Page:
Vampire-themed video has columnist seeing red
Chamber head says spoof reaches target tourism audience
An Alabama newspaper editor/columnist is no fan of Covington’s vampire-themed tourism video, writing a scathing column this past weekend that called the video “lame, disgusting and downright tacky.”
Kyle Mooty, editor and general manager of The Enterprise Ledger in Enterprise, Ala., said the tourism video, inspired by popular tours of “The Vampires Diaries” filming sites, was poorly received in his town during a recent advertising run, but Hunter Hall, president of the Covington-Newton County Chamber of Commerce, said the video was an intentional spoof aimed at the audience that watches the popular CW Network show.
When the chamber unveiled its new tourism website, GoCovington.com, it also rolled out a professionally-produced promotional video that shows a male vampire leading a mother and daughter on a tour of “Vam- pire Diaries” filming sites. At the end of the purposefully over-the-top video, the daughter comes back from looking at a site to find her mother missing, while the vampire eventually shows off a sheepish smile with blood-covered teeth.
The video was played several times during an online broadcast of the Dixie Junior Boys World Series, which featured a team from Enterprise. After watching the ad at jockjive.com, Mooty wrote, “The video has scared me away from that town forever.
“No, the lame-acting vampire who stalks a mother and daughter and eventually consumes (we are led to believe) the mother, hardly scared me; it was the fact that some higher-ups in the town actually approved the video to be used as a promotional tool for the town. Who wants to be in a town with leadership that careless?” Mooty wrote
in an Aug. 11 column on dothaneagle.com/enterprise_ledger.
Noting the video never specifically states that “Vampire Diaries” is filmed in Covington (though it does imply it) , Mooty called the representation of Covington “pathetic.”
“It would be akin to Brentwood, Calif., showing the chase of O.J. Simpson in his buddy’s Bronco as a promotional tool for that Los Angeles suburb,” Mooty wrote. “Let’s go ahead and have Cincinnati promote the fact that Charles Manson was born there, Chicago promote that O’Hare is considered the most dangerous airport in the U.S. or Pinos Altos, N.M., promote the fact that one of its residents was killed by a mountain lion in 2008. ‘Oh boy, Mom, let’s go hiking in Pinos Altos.’”
In a follow-up email, Mooty said he didn’t write the column until he heard other residents express criticism of the ad, too.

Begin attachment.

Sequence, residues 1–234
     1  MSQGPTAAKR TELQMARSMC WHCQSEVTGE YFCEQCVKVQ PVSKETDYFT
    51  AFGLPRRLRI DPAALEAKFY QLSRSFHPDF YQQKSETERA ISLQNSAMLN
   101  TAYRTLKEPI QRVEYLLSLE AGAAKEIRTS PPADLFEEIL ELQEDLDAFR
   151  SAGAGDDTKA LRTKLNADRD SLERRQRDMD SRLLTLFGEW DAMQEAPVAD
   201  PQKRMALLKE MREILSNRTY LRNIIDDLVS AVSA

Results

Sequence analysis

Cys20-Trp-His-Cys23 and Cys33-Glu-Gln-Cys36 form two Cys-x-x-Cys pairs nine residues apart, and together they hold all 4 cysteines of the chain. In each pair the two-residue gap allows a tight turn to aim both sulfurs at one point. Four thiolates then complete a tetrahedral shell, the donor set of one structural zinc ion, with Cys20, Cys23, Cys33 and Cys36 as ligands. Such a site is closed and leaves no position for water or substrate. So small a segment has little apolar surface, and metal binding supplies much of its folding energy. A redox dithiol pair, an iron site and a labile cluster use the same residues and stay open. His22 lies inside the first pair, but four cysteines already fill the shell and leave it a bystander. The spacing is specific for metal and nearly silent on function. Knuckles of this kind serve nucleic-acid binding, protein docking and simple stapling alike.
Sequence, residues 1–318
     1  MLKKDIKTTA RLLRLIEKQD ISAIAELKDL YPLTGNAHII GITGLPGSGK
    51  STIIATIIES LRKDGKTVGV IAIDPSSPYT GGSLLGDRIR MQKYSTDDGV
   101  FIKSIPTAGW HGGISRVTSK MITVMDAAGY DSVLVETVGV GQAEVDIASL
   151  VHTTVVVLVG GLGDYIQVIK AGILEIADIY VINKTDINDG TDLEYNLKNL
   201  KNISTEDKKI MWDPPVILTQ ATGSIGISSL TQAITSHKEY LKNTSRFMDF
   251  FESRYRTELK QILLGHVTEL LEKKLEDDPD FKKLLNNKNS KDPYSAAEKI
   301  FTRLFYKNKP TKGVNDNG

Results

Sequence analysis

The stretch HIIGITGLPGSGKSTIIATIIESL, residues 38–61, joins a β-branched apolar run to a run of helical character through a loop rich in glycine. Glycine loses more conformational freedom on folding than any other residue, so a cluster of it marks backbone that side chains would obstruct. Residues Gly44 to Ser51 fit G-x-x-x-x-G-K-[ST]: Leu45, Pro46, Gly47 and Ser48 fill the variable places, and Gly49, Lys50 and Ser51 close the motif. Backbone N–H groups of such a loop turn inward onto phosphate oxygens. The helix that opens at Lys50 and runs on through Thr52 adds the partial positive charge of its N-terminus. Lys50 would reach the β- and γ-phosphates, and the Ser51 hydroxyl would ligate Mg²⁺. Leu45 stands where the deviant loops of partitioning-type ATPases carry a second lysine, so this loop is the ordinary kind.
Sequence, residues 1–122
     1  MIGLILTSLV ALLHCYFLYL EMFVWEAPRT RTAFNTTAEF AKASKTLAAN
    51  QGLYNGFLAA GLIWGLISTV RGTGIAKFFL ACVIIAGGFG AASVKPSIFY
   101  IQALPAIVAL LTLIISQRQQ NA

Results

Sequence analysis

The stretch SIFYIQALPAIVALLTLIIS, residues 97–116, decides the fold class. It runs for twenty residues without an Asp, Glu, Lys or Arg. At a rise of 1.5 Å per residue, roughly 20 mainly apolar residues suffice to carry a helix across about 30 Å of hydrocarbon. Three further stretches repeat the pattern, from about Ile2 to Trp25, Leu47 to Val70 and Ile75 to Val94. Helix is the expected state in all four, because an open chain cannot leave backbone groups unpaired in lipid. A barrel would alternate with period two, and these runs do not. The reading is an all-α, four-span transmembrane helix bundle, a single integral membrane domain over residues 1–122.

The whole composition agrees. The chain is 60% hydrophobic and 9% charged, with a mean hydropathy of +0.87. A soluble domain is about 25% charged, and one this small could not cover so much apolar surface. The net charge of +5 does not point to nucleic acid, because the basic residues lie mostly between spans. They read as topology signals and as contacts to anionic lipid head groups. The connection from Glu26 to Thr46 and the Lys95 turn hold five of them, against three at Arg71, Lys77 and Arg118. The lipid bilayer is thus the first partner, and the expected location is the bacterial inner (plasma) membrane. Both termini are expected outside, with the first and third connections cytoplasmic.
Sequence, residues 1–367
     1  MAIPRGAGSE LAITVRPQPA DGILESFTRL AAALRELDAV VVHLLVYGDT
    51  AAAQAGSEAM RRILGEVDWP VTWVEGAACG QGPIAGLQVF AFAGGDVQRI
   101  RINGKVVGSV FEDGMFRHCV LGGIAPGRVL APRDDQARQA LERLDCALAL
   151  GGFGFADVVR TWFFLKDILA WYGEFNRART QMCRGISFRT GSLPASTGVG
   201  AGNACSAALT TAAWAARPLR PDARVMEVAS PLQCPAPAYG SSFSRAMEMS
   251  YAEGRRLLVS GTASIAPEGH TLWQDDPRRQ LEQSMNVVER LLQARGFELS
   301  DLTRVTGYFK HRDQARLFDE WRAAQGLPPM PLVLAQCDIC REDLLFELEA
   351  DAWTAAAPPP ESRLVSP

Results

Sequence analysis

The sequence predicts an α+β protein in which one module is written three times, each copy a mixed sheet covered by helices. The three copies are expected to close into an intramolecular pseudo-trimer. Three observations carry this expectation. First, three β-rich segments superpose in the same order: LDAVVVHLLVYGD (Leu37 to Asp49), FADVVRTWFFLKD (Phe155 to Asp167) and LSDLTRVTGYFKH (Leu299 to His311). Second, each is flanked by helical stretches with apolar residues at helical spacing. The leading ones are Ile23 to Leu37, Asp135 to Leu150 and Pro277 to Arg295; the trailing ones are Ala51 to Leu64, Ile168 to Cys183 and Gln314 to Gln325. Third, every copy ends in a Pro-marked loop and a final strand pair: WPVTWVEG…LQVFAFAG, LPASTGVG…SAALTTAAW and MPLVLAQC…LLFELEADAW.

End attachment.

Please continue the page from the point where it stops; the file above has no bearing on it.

While he understands there’s no real danger in Covington, he said he felt the town’s “beautiful scenery should be enough to sell itself rather than portraying a creepy stalker hitting on two women,” and he questioned advertising to a baseball tournament for 13-year-olds, with “parents, grandparents and young kids” in the audience.
“I saw it dozens of times over three or four days, and I probably didn’t pay that close of attention until several times into it, when I realized it was actually promoting a town. I just found that very interesting, even after I learned that Covington was where (‘Vampire) Diaries’ was filmed, as I said, because there was no mention of that in the ad and I don’t think the average Joe outside of Georgia realizes that; and the fact that it was promoting tourism by showing what is basically a very creepy (grey-skinned) stalker that eventually (we are led to believe) kills one of the ladies,” Mooty said in an email.
“Yes, yes, I know, it’s all in fun, but I just found it interesting for a city to promote tourism this way, especially for those outside of Covington that have no idea about the filming there of ‘Vampire Diaries.’”
Chamber President Hall said the video was made as an intentional spoof, targeted at 13-to-30-year-olds who watch the show. He said tourism numbers have increased since the new website launched.
“Mr. Mooty’s comparisons, although I understand the point he is trying to make, are a bit of a reach. Everyone knows that vampires do not exist. They are not real. They are folklore and imagination. O.J. Simpson, Charles Manson and the Pinos Alto mountain lion are real tragic situations,” Hall said in an email Tuesday.
“When we sat down with the video producer, we in- tentionally made it a spoof on vampires, not a promotion of them. The intent and target of the advertising was not to the national tourist market -- it was very targeted to 13-30-year-olds who watch the show. That is the demographic that we see here day in and day out taking the tours. The commercial producer took the tour himself for the expressed purpose of understanding the demographic and how best to capture elements that would attract a tourist to come to Covington.”
Hall said there are no changes planned to the video; he did say the chamber has discussed a “more traditional Covington tourism” video and priced it, but first wanted to play off the success of “The Vampire Diaries” and the opportunity that provided for the town.
Hall said feedback for the video has been great and said the video has been promoted by Mystic Falls Tours, the local tour company owned by Jessica Lowery, to its 10,815 Facebook followers and 15,101 Twitter followers, and actor Ian Somerhald’s 4.04 million Twitter followers.
“Mystic Falls Tours have increased 10 percent since the spot went viral. Jessica told me this afternoon that, ironically, a lot of people from Alabama have been on the tour (possibly a byproduct to the advertising we did at the Dixie (Junior) Boys World Series). On the Chamber’s YouTube page, the video has been viewed by 28,885 people, with 182 thumbs ups and 3 thumbs down,” Hall wrote.
A screenshot of the chamber’s tourism video on gocovington.com.